“The quiet residential quality of Alameda (will rapidly disappear) if the construction of townhomes, condominiums, and apartment complexes is allowed to continue,” the Committee of Concerned Citizens declared. “Alameda will be facing a massive tax increase to pay for public services.”

The Concerned Citizens also feared the “Southern Crossing,” a new bridge the state would anchor on Bay Farm Island to carry vehicles across San Francisco Bay to Army Street (now Cesar Chavez Street). Nervous residents also looked askance at the offshore freeway that would run along the South Shore, which they already hated, to the Southern Crossing bridge. The rumor mill spewed out grist about yet another tube. The Webster Street Tube had opened in 1963. Not another one, they protested! Something had to be done.

The Concerned Citizens succeeded in getting Measure A on the ballot, and on March 13, 1973, Alameda voters approved, thus creating Section 26 in the City Ordinances:

Sec. 26-1. There shall be no multiple dwelling units built in the City of Alameda.

Sec. 26-2. Exception being the Alameda Housing Authority replacement of existing low-cost housing and the proposed Senior Citizens low-cost housing complex, pursuant to Article XXV Charter of the City of Alameda.

The measure limited housing density throughout the city and reduced the number of homes that could be built on Harbor Bay from Utah and Doric’s planned 10,000 to about 3,000. The ordinance failed to define “multiple units,” but at its March 27, 1973, meeting the lame-duck City Council added Sec. 26-3, which defined multiple units as “three or more.” At last, Mayberry was safe from those ne’er-do-well developers. The Concerned Citizens now took direct aim at developer Braddock & Logan’s three developments on Bay Farm’s Uplands. The move misfired.

Alameda Post - an aerial photo of Bay Farm
An aerial view taken in 1966 shows the Uplands with two residential developments already complete: (1) the late 1940s development on the cul-de-sac at the southern end of Fitchburg Street; (2) the mid-1960s development at Azalea, Begonia, and Camelia drives; and (3) Braddock and Logan’s Casitas neighborhood just getting underway. Much of the farmland remained. The arrow (4) points to the dredge Franciscan that has already created a small bit of made land (landfill) within the boundaries of the tidelands owned by Utah Construction. The company would convert its large marshland (5) to terra firma, later to become Harbor Bay Isle. Photo Alameda Public Library.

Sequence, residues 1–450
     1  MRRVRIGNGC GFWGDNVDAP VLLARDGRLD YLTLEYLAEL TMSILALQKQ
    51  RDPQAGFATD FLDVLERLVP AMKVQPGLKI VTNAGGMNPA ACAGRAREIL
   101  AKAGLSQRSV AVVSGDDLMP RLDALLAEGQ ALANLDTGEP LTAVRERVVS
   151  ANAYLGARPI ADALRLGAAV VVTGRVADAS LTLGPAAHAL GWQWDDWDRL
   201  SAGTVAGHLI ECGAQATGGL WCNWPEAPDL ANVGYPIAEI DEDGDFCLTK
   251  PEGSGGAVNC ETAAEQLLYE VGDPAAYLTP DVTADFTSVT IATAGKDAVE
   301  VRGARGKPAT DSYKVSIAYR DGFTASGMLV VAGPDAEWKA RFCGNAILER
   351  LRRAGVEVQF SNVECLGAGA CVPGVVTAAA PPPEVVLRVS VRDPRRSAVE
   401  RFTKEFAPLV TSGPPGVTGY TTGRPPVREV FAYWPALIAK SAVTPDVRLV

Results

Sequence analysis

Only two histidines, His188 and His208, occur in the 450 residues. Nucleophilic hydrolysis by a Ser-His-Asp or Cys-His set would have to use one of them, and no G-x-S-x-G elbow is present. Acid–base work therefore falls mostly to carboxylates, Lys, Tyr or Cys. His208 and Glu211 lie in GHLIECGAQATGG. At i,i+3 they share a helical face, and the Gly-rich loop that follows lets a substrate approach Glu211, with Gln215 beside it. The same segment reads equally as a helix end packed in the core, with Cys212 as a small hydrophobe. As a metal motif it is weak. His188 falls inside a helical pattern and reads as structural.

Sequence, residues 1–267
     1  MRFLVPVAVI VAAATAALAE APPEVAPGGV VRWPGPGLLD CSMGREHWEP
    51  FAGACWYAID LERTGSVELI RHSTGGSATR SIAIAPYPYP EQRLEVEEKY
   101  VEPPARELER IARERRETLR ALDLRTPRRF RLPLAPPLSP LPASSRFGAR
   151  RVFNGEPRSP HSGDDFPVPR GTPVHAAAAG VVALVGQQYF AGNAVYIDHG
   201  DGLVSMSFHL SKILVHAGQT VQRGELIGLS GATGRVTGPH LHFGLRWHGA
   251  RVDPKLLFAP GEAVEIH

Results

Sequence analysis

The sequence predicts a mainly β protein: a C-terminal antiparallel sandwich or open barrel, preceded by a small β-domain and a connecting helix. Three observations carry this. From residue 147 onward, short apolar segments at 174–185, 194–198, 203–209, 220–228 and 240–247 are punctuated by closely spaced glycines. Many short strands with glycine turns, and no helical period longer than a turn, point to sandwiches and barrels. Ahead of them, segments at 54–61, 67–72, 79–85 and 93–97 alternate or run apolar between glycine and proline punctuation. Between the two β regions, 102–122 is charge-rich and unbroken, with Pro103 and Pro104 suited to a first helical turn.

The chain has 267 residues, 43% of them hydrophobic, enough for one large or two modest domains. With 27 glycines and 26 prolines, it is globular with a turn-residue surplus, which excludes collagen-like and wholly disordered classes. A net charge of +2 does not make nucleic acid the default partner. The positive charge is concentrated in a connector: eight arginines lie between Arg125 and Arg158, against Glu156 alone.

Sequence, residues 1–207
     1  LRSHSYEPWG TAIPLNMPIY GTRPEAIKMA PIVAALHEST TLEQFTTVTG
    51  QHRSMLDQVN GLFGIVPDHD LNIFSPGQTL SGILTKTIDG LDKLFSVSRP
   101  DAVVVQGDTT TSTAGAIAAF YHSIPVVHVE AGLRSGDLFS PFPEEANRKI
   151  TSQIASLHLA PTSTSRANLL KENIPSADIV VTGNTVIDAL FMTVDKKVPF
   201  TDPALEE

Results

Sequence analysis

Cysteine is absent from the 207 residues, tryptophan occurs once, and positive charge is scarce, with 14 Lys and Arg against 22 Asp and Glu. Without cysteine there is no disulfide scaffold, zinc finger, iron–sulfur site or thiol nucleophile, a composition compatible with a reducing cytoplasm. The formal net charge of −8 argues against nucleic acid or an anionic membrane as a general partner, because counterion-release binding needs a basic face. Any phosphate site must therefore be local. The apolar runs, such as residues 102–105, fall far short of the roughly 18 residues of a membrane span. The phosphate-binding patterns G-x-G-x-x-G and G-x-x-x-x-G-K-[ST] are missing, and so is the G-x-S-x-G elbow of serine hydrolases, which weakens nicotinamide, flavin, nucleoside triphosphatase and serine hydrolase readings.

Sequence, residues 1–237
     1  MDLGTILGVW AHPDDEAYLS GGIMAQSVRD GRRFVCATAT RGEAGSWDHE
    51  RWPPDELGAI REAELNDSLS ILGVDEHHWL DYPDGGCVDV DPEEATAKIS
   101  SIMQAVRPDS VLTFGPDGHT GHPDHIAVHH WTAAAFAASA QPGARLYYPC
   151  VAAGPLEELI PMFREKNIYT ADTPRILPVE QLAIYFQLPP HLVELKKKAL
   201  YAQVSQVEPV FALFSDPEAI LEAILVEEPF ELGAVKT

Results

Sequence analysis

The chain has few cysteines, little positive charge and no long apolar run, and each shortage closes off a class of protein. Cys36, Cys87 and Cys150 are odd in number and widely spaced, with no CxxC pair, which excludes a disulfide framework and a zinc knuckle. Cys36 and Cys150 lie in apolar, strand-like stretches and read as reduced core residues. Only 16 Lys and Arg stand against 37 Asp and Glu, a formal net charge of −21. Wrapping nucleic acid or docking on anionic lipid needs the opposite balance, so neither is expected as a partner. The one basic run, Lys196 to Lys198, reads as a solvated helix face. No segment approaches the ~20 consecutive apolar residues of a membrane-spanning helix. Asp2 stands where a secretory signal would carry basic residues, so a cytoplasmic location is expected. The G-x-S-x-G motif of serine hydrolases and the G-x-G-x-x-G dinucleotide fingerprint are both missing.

Defining multiple units

On April 17, 1973, newly elected Vice Mayor Chuck Corica and Councilmembers Lloyd Hurwitz and George Beckham took their seats. The Concerned Citizens had helped seat these newcomers and they expected the tyros to do their bidding. Corica, Hurwitz, and Beckham had scarcely warmed their new seats when one of the Concerned Citizens’ leaders, Inez Kapellas, stepped up to the microphone.

She insisted that the City Council vote to include townhomes in the multiple-unit definition, thus prohibiting their construction. She did not mention the two neighborhoods of townhomes that Braddock & Logan had already built on Bay Farm Island’s Uplands: Casitas and Islandia, nor the one they were preparing to build, Garden Isle. She did not have to. In theory, everyone knew that Ron Cowan and his friends had drawn up plans that could turn Mayberry into Gotham City.

After listening to Kapellas, the new Vice Mayor leaned over to his microphone. “I would like to include townhomes in the definition of multiple dwelling units,” the Alameda Times-Star quoted him as saying. Corica was making a motion. This required the City Council to follow proper procedure. That mandated a second and a vote by the full Council. No one spoke up. The silence was deafening as two other members of the “Concerned Citizens” triumvirate, Hurwitz and Beckham, sat taciturn. The motion failed, and with it “Concerned Citizens’” bid to stop the Bay Farm townhomes from being built. The first chink in the Measure A armor had appeared. More would follow.